- Wade and Midcap 2007. Pruning ornamental plants in the landscape. University of Georgia Extension addresses tree management in the landscape.
- Rakow and Weir III. 2005. Pruning: An illustrated guide to pruning ornamental trees and shrubs. Beautiful treatment of pruning various trees, shrubs, vines, roses, and espaliered plants. Contains a glossary, pictures and demonstrations. http://hdl.handle.net/1813/3573.
- McQuilkan. 1950. Effects of some growth regulators and dressings on the healing of tree wounds. Great story about the US military testing various wound dressings on tree pruning scars. After their multitude of treatments on multitude of scars, it’s safe to say nothing is required to apply to a tree wound if it is pruned correctly. Just fertilize regularly after pruning and the scar heals in 12-24 months depending on size.
- Gilman, E.F. and Black, R.J. 2005. Pruning landscape trees and shrubs. Excellent reference from leaders in the urban forest tree management.
- Bilderback. What’s pruning got to do with quality? Dr. Bilderback uses an annotated power point document to address pruning as a means to improve quality and meet industry specifications.
- Florida Grades & Standards for Trees. Learn what makes trees rate as high quality by following the steps in this manual. The Florida Grades and Standards are an excellent resource for growers, clients, homeowners and extension agents to agree on what constitutes quality in shade trees.
- American Standard for Nursery Stock by AmericanHort. These are the guidelines for quality for all nursery stock sold in the United States published in 2014. ANSI Z60.1–2014. American Nursery & Landscape Association; 1000 Vermont Avenue, NW, Suite 300; Washington, DC 20005.
- Martsolf, JD Energy requirements for frost protection of horticultural crops. A comprehensive chapter covering every conceivable method of frost, freeze or cold protection in the horticulture industry. Covers vegetables and other hort crops. Martsolf, JD. Chapter 15.
- LeBude et al. 2012 Preparing nursery crops for winter in the Southeast US. Covers how plants become dormant and the abiotic factors that affect this process. Provides examples of various forms of overwintering plants from pushing them together all the way to heated greenhouses. AV LeBude, TE Bilderback, HT Krauss NC State Univ., SA White Clemson Univ., M. Chappell Univ. Georgia, JS Owen Virginia Tech.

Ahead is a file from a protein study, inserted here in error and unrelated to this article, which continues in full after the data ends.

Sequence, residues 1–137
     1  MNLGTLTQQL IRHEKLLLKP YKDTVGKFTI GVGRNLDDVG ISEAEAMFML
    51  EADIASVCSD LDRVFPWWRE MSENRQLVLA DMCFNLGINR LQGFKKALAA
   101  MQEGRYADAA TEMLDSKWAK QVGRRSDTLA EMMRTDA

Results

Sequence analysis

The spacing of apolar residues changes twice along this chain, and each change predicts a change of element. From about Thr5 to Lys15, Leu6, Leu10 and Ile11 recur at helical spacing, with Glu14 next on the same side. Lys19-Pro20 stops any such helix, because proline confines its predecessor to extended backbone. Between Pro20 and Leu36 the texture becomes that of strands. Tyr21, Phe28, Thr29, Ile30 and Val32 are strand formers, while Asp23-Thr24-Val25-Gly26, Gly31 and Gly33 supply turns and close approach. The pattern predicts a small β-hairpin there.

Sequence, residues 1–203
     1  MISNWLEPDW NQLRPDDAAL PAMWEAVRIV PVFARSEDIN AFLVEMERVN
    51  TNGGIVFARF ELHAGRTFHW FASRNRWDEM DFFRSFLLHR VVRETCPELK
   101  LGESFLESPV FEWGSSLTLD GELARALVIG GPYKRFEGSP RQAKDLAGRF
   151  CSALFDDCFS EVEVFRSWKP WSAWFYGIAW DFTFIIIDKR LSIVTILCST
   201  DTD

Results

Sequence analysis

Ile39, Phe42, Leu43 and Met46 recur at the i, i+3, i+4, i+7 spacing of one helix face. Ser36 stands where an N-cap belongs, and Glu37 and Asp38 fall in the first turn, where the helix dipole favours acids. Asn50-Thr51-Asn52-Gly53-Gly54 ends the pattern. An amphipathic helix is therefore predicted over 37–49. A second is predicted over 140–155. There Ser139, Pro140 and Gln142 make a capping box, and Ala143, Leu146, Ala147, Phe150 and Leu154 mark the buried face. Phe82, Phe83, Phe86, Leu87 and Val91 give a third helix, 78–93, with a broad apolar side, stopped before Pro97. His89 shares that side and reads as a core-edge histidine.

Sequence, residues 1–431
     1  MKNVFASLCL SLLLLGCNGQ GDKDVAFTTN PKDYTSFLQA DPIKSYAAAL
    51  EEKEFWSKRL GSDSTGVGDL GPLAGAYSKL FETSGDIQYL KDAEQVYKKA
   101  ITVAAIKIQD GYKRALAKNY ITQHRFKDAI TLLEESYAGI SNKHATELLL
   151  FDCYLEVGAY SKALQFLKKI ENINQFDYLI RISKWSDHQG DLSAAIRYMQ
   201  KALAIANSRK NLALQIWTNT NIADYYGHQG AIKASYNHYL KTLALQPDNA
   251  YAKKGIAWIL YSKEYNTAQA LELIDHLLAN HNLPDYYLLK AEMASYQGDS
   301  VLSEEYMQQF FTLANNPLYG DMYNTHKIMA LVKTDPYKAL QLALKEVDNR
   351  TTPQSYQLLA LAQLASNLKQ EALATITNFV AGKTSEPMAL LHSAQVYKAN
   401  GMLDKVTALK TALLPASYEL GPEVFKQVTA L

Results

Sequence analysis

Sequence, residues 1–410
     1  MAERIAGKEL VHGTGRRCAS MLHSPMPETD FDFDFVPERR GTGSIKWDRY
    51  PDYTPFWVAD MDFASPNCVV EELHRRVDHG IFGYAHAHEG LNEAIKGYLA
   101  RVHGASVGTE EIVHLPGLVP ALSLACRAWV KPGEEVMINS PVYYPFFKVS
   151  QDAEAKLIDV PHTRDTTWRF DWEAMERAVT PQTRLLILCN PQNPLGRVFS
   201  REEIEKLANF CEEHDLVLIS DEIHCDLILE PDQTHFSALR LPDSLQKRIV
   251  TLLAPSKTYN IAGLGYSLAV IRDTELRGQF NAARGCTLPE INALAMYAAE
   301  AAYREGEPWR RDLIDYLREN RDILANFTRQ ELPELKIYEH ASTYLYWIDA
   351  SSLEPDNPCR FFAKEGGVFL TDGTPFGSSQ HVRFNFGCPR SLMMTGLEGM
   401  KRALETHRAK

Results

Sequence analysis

- LeBude et al. 2012. Low investment propagation or overwintering house. A quick leaflet to build s small house for crop protection. This document stands as a supplement to Preparing Nursery Crops for Winter in the Southeast. LeBude AV, TE Bilderback, and B Fair. NC State University Cooperative Extension.
- Westerfeld and Lindstrom 2004. Winter Protection of Ornamental Plants. Quick reference for preventing injury and what to do after a freeze. R Westerfield and O Lindstrom, Professor of Horticulture Cooperative Extension Service The University of Georgia College of Agricultural and Environmental Sciences Circular 872.
- New Life Plastics
Excerpt from an e-mail from the company. Pots need to be “shaken” out and stacked. There are typically only a few types of plastic used for these pots. Polystyrene, High Density Polyethylene and sometimes Polypropylene. It is helpful if they keep these types sorted and we need large volumes. It is freight prohibitive for us to send a tractor trailer out to only pick up one skid of the pots. Nest pots about 4’ high, with multiple stacks, on a wooden skid, and stretch wrap them. When they get twenty or so skids, call us. Our minimum pick-up is 7,000 lbs if it’s in NC, and we can’t pick up 2,000 in one place and 3,000 in another. Try to outreach with other nurseries in the area to obtain as many pots as possible, or deliver them to us.
- Recycling Options For Agricultural Plastics
The attached document lists businesses that take plastic film, pots or both and supplies the contact information for each person at the firm. It can also be obtained from http://ncagplastics.org/.